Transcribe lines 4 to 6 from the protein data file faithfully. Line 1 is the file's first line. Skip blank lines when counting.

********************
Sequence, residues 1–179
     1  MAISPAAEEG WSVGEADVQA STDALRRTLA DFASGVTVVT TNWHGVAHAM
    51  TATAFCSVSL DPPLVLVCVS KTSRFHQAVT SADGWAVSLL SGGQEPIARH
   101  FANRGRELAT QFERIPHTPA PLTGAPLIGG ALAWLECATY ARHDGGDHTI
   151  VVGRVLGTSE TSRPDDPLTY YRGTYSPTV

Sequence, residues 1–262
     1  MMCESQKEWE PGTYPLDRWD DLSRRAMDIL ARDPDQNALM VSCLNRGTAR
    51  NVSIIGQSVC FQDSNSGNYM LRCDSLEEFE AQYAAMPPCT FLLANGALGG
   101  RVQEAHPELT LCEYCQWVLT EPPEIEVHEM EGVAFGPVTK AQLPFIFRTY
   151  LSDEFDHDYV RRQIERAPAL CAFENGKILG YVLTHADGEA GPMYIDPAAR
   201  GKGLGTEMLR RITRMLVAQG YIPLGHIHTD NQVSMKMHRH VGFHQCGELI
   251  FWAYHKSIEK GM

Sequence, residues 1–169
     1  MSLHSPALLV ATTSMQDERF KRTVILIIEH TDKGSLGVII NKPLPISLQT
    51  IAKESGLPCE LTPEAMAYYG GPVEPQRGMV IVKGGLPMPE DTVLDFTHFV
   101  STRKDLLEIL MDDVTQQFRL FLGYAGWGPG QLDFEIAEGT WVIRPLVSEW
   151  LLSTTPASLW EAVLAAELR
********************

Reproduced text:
   101  FANRGRELAT QFERIPHTPA PLTGAPLIGG ALAWLECATY ARHDGGDHTI
   151  VVGRVLGTSE TSRPDDPLTY YRGTYSPTV

Sequence, residues 1–262